9. Mr. Rangaswamy Iyengar appearing on behalf of defendant 2 contends that Section 18 on which the District Judge rested his conclusion has no application to the case since succession to the plaintiff's properties was governed exclusively by a special provision which is contained in Section 15(2)(a) which was uncontrolled by anything contained in Section 18.
10. The question which arises is, whether Section 18 does or does not control Section 15(2)(a). If it does, it is clear that defendant 1 would exclude defendant 2, but if it does not, it becomes clear that both of them would be the heirs of the plaintiff and entitled to equal shares in her properties.
11. On a careful consideration of the matter it seems to me that Section 18 of the Hindu Succession Act is as much a rule of succession as the rule which Section 15(2)(a) incorporates, and that the rule which is contained in Section 15(2)(a) should be read along with the rule which is enshrined in Section 18. Both of them, in my opinion, are supplementary rules governing succession to the property of a Hindu female dying intestate.
12. It is not disputed by Mr. Rangaswamy Iyengar that in the case of the property of a Hindu female dying intestate falling within Sub-section (1) of Section 15 for the purpose of deciding the heirs of such Hindu female, the provisions of Section 15(1) and Section 18 should both be obeyed. In other words, it was not disputed by Mr. Rangaswamy Iyengar that Section 15(1) was undoubtedly controlled by Section 18. But he strenuously urged that since Section 15(2) was an exception to Section 15(1), Sub-section (2) of that section remained uncontrolled by Section 18 and was a complete and exhaustive code on the subject of succession to the property of a Hindu female dying intestate which she inherited from her father or mother, without leaving behind any son or daughter or the children of any predeceased son or daughter.
13. It does not appear to me that that interpretation suggested by Mr. Rangaswamy Iyengar should commend itself to me. Acceptance of that interpretation would involve the importation Into Section 18, of words which are not contained there. Section 18 is a general rule of succession and the fascicle of sections consisting of Sections 18 to 29 appears under the heading 'General provisions relating to succession'. Even if it may not be permissible to attach any undue importance to the heading under which the section occurs, the language of Section 18 makes it impossible in my opinion, to think that, although that section say that in all cases of succession the heir related to an intestate by full blood shall be preferred to the heir related by half blood, that rule for some inexplicable reasons should not be applied to a case falling within Section 15(2) of the Act.
14. Mr. Rangaswamy Iyengar next adverted to certain anomalies which may flow upon the interpretation which I am inclined to take of Section 18. He has asked attention to the class of heirs specified in class I of the schedule to the Act and points out that, under that statutory provision if there had been the daughter of a son's son of Ramaswamaiah or the daughter-in-law of his son's son, those two persons would have been entitled to claim a share in the property of the plaintiff since the heirs of the plaintiff are the heirs of Ramaswamaiah as already pointed out.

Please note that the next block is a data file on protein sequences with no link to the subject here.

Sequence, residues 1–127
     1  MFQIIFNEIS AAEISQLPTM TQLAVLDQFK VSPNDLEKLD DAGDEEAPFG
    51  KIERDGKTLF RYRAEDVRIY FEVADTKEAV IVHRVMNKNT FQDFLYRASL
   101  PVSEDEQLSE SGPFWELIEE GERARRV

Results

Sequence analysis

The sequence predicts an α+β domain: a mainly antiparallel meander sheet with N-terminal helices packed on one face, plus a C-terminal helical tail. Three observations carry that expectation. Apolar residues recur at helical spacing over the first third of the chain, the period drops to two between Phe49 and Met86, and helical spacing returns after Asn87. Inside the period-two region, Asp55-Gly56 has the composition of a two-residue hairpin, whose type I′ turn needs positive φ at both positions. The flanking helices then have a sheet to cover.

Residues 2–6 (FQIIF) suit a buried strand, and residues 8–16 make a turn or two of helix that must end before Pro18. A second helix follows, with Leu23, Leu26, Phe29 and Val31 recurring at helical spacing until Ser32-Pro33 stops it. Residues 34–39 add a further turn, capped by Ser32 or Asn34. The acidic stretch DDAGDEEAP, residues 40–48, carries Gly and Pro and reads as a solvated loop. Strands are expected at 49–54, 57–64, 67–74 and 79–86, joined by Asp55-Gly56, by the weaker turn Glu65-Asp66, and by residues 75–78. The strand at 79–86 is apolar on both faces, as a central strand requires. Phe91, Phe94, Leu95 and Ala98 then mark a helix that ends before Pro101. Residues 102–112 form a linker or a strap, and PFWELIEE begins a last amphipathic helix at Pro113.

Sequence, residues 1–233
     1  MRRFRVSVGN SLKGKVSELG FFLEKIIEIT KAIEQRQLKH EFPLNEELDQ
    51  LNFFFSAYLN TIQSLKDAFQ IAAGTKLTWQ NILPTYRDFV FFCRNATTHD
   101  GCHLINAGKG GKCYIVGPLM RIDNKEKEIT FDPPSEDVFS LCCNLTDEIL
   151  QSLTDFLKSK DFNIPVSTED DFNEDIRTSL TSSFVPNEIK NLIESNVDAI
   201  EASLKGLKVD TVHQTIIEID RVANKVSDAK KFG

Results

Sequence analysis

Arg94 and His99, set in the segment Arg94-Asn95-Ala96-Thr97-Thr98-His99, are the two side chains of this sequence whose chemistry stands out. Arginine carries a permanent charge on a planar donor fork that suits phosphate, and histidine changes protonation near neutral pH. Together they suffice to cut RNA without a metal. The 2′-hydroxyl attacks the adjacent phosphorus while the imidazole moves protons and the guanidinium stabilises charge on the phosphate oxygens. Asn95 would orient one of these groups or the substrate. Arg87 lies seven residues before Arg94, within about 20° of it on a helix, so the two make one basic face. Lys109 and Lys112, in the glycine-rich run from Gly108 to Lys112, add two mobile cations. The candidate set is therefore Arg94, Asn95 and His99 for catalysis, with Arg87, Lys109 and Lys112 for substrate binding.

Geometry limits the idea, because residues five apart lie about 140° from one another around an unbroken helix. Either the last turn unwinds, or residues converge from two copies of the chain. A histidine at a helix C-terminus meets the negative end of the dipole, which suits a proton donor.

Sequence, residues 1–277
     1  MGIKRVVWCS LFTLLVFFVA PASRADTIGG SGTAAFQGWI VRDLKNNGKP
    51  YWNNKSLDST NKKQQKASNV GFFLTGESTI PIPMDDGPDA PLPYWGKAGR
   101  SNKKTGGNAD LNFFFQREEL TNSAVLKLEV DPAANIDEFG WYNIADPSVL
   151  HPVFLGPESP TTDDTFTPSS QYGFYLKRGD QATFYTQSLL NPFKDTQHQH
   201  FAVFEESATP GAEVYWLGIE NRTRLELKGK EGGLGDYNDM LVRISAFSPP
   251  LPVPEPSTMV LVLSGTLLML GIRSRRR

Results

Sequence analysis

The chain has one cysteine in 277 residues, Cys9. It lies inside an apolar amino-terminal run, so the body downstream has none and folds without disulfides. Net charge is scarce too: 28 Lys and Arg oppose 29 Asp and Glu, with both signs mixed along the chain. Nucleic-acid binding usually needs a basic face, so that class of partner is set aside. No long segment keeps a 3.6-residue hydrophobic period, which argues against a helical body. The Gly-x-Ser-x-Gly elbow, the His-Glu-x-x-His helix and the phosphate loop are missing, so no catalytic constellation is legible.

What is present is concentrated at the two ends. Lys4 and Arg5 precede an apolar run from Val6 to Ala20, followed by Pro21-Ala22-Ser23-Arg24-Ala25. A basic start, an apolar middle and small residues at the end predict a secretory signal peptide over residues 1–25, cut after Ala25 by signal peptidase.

15. Mr. Rangaswamy Iyengar asks what would be the justice or equity in taking the view that such remote relations of Ramaswamaiah would be entitled to claim a share along with defendant 1; if they had existed, while a daughter of Ramaswamaiah, because she happens to be a half sister of the plaintiff, could not claim any. It is this submission made by Mr. Rangaswamy Iyengar that did create in my mind a little difficulty in the interpretation of Section 18.
16. Mr. Rangaswamy Iyengar is quite right In pointing out to me the incongruous situation which would arise in a situation like that envisaged by him. But, that such incongruities are possible, would not in my opinion constitute any justification in departing from the interpretation, which should ordinarily be placed upon a statutory provision which its plain language fully justifies. Incongruities such as those referred to by Mr. Rangaswamy Iyengar have to be removed by Parliament by appropriate legislative processes and it is not for the Courts to do anything about it.
17. Mr. Rangaswamy Iyengar next pointed out that the principle of an illustration appearing in the commentary to the book on Hindu Law by Mulla (12th edition) under Section 18 upon which the District Judge, depended, was diametrically opposed to the principle of another illustration appearing in the commentary to Section 15 of the Act. He pointed out to me that those two illustrations are respectively the eighth and third illustrations. In the eighth illustration appearing in the commentary to Section 18, what the learned author has done is to give effect to the principle incorporated in Section 18 and to say that in circumstances similar to those of the present case a half sister was excluded by a full sister.
But Mr. Rangaswamy Iyengar points out that in the third illustration appearing under the commentary to Section 15, that principle was overlooked and a brother and step-brother were both held to be equally entitled to shares in the property of the sister.
It may be that Mr. Rangaswamy Iyengar it right in pointing out this curious feature about the two illustrations, and it may be that the authority of the second illustration is considerably undermined by the first, so as to make it difficult for a Court to accept the one or the other as correctly incorporating the interpretation to be placed upon Section 18.
18. In that view of the matter it may be possible for Mr. Rangaswamy Iyengar to say that the District Judge should not have preferred the eighth illustration of Section 18 to the third illustration of Section 15. But it does not appear to me that that should make any difference at all to the interpretation which, in my opinion, is what the plain language of Section 18 demands. If according to its language, defendant 2 in the present case was excluded by defendant 1 who was the full sister of the plaintiff, what follows is that the District Judge is right in treating defendant 1 as the sole legal representative of the plaintiff.
19. In the view that I take this revision petition has to fail and it is accordingly dismissed; But I make no order as to costs.